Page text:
I think that The Highwomen have already had a significant impact on this conversation – even if it’s not (yet) at the level of radio ads. And this is not just on a musical level by using their album as a space to tell stories about the human experience, but also by using their platform to create a positive and inclusive space. Their presence within the genre has inspired hope in many female artists, and their message has already changed the tone of some conversations in the genre.

Our mission is to help fight for better female representation. Is there anything you believe sites like ourselves could to to help better the situation for female artists in the genre.

I think that Belles and Gals is already doing a wonderful job to spotlight and support female artists. From the interviews, to album reviews, to feature articles – your site (and others) are creating an important and positive space for female artists. What I love about your site is that you are supporting artists from all communities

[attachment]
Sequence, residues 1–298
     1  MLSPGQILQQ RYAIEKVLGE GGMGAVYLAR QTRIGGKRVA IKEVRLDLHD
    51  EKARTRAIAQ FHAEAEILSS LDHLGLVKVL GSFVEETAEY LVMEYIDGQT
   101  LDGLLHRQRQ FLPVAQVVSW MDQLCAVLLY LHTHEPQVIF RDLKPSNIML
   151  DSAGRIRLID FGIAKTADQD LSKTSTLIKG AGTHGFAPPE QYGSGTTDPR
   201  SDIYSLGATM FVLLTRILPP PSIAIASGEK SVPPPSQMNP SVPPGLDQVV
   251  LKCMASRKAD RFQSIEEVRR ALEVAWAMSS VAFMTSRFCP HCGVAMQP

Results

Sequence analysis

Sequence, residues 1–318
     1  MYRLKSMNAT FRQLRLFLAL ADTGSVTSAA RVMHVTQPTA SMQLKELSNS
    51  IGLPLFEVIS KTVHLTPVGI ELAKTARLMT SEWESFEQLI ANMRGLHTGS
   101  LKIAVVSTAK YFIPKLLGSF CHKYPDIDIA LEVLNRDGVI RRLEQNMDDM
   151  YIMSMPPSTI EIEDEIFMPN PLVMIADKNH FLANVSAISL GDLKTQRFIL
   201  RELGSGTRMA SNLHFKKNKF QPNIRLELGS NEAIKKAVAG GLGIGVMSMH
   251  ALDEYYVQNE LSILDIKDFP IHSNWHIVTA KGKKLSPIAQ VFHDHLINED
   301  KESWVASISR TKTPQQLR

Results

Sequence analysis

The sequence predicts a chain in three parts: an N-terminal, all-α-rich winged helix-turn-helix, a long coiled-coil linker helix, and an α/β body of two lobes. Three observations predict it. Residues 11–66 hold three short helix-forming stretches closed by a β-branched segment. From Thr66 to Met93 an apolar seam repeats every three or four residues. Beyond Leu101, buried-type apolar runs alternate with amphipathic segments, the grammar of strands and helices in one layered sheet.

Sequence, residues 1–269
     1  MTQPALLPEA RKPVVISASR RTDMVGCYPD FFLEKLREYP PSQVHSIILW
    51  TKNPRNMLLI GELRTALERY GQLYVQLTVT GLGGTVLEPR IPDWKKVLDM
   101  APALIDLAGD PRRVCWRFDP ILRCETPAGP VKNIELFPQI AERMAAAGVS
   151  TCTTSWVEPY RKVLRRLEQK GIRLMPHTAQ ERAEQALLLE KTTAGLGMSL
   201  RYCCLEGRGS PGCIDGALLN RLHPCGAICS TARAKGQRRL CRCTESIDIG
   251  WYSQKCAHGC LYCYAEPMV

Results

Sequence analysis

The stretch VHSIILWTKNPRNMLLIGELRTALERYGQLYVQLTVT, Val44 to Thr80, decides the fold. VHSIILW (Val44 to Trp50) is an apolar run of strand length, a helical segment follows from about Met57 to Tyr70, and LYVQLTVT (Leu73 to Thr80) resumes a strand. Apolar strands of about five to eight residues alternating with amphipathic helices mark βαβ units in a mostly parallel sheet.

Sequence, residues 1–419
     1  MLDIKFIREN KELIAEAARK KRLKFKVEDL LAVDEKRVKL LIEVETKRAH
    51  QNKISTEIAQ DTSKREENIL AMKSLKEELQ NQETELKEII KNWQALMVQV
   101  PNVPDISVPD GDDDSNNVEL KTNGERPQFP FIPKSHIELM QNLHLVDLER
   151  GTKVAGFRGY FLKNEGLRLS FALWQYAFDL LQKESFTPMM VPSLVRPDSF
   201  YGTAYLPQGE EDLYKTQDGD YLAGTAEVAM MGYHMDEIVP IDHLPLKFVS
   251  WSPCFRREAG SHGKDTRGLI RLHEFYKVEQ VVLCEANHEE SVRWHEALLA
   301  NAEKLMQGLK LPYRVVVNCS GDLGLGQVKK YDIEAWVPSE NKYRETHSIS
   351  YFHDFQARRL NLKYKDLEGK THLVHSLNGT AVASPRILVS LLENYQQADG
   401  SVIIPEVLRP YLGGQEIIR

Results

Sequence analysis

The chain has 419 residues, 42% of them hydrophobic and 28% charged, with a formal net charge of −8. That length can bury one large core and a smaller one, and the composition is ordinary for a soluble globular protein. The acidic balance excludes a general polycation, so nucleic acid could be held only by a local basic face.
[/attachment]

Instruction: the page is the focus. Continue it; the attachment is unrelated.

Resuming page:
within the genre and at all stages of their career – from artists signed to labels to those that are carving out new spaces for their music –,as well as the voices that are further underrepresented like members of the LGBTQ+ community and racialized voices. Sites like Belles and Gals create inclusive spaces that reflect the diverse and
growing audience.

Interview conducted by Samantha Melrose (twitter.com/SMelrose93) and Nick Cantwell (twitter.com/nickbelles_gals)